The fully articulated touchscreen is an extra bonus, although for live view and video capture, the sensor-based contrast-detection autofocus facility can be painfully slow.
For such a small camera, the Panasonic TZ100 packs in some seriously big specifications and features. It has a 20.1MP 1.0-type sensor that’s physically large for a compact camera, and retains relatively noise-free image quality even at high ISO settings. It also crams in an electronic viewfinder and a high-res, 3.0inch rear screen, plus a 10x zoom lens with an effective range of 25-250mm.
To keep things steady, there’s optical image stabilisation for stills and 5-axis hybrid stabilisation for video capture. You can also shoot at 4k UHD for both stills and video, with a frame rate of up to 30fps. For full-resolution stills, the burst rate is still speedy at 10fps.
Clever tricks include ‘post-focus’, which enables you to capture a burst of stills with automatically transitioning focus distances, and select the frame with the ideal focus point afterwards.
The best camera for beginners: What to consider
As mentioned above, cameras will always have certain advantages over smartphones. These include larger sensors, which mean the cameras perform better in low light, as well as massive improvements in the matter of lenses. Whether you're using a DSLR or mirrorless camera that lets you swap lenses depending on the situation, a zoom-equipped compact that can get close to a subject, or even a fixed-focal-length compact that's been engineered for optical perfection, you're guaranteed to have something superior to the lens on the back of your phone. Or the front, for that matter – and thanks to many cameras now having flip-out screens, your selfie game can step up considerably.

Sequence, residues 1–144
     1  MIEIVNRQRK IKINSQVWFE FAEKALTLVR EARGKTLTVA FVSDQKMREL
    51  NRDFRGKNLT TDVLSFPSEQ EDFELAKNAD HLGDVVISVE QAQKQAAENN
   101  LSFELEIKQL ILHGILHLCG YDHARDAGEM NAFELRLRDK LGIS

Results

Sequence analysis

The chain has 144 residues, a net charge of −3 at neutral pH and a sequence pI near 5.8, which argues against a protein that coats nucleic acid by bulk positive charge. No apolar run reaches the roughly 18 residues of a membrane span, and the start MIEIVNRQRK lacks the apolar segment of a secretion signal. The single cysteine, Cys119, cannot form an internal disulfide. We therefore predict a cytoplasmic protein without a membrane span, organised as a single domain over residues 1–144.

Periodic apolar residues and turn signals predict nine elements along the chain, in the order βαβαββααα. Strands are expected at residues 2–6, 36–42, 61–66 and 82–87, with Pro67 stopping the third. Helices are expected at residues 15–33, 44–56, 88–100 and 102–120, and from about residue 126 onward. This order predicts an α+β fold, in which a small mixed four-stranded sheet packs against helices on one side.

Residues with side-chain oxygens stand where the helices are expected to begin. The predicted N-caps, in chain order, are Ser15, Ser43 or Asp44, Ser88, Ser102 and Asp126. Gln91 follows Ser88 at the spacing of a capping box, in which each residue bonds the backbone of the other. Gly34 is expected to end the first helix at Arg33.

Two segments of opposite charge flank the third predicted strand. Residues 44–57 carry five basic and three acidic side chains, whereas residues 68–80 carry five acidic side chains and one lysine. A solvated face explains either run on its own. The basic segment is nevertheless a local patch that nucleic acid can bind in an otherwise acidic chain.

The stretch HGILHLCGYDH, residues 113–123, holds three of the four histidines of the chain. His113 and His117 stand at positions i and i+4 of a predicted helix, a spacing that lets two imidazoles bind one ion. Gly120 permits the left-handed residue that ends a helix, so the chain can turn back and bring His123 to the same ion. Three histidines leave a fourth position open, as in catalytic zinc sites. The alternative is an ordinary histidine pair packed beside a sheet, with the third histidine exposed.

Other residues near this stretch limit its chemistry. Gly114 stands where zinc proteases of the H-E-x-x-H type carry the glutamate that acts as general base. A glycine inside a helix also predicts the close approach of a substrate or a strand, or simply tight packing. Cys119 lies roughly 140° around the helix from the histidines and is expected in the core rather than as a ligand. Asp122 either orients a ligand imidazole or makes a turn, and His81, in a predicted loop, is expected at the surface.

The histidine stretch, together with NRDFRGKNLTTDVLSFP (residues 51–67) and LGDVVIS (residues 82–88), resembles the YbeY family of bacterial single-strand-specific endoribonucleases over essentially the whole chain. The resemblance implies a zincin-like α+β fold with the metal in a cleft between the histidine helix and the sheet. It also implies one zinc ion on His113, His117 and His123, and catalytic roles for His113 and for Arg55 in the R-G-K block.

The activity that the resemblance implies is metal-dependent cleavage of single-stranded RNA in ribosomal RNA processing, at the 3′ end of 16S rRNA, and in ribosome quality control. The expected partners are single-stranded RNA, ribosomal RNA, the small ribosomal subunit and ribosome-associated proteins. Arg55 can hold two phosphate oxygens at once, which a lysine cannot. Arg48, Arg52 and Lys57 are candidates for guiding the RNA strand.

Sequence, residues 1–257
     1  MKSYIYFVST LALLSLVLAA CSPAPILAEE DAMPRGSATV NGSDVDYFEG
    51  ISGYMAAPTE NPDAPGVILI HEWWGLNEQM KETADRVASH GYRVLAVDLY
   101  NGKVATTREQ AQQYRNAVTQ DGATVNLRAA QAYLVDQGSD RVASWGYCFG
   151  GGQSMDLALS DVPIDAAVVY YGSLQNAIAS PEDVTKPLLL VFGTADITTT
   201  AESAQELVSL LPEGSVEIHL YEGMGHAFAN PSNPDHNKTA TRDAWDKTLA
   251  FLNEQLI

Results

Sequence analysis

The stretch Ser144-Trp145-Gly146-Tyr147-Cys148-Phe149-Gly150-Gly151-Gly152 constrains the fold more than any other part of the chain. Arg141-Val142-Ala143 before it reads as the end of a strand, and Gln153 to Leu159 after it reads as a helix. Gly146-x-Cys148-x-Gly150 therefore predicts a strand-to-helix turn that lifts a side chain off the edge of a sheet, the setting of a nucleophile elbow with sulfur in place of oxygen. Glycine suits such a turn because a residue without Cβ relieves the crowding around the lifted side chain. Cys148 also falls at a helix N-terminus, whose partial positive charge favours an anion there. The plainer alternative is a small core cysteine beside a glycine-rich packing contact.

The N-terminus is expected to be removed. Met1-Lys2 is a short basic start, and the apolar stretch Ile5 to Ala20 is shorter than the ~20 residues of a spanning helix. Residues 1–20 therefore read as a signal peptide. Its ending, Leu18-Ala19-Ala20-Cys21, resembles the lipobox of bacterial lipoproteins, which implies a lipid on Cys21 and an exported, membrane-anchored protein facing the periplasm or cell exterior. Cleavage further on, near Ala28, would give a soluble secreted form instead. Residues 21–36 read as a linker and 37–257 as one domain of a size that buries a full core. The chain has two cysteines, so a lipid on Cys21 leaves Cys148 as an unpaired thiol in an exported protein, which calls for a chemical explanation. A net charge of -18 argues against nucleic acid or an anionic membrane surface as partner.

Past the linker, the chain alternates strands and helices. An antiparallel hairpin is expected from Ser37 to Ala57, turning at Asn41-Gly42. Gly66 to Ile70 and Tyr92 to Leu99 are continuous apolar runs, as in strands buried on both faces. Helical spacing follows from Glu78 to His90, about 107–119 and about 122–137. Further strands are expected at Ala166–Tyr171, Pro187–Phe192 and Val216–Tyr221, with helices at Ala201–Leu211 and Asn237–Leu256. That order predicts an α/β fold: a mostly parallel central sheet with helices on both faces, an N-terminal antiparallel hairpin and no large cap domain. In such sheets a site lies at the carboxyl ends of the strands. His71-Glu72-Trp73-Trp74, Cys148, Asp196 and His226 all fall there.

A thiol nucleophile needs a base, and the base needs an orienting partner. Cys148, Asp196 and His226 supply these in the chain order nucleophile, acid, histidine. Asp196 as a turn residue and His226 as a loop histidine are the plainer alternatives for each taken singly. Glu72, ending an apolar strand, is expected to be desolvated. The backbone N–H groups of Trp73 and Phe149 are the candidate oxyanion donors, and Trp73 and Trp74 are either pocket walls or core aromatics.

Then there's also the fact that cameras can burst-shoot faster for capturing quick-moving subjects, have more sophisticated autofocus systems, and tend to offer higher resolutions that allow you to make larger physical prints of your images. There's no doubt about it – a camera is the way to go!
The best type of camera for beginners
First, let's look at the different types of camera available for beginners. If your priorities are simplicity and portability, there’s a lot to be said for a small point-and-shoot camera that you can slip into your daily bag or even a spare pocket. These cameras will have a lens fixed on the front, so while you won't be able to use any focal length that isn't specified on the box, most models will offer a respectable zoom range to work with. There will generally also be a built-in flash, and possibly a viewfinder that helps you compose your shots.
A more versatile option is a 'system' camera, which consists of a separate body and interchangeable lenses. Once you're equipped with two or three lenses, you can shoot anything from portraiture and still life, to action sports and wildlife, or sweeping landscapes and architecture, getting great results every time.
They start small, with mirrorless or compact system cameras. These tend to be portable and offer faster shooting speeds than their larger siblings, DSLRs. However, don't count DSLRs out, as they are able to offer an optical viewfinder that gives you an unadulterated 'through-the-lens' view of what you're shooting. They also tend to be better weather-sealed and equipped with chunkier handgrips for a secure hold.
Also worth considering are instant print cameras! Analogue is back in a big way, and there's something to be said for a camera that doesn't necessitate messing about with memory cards and hard drives, and just spits out an instant physical print. If your creative work is more tactile/physical (perhaps incorporating collage) then this is definitely a viable option.
Finally, there are also 'tough' cameras, which have smaller sensors than mainstream compacts, but are heavily waterproofed and can survive rough conditions.
But which to pick? Well, it depends on what you need. Do you want something small and portable or hardy and weatherproof? Are you likely to be shooting video as well as stills? Do you see yourself buying more lenses, or would you prefer a single package that does it all? The answers to all these questions will affect which camera is best for you.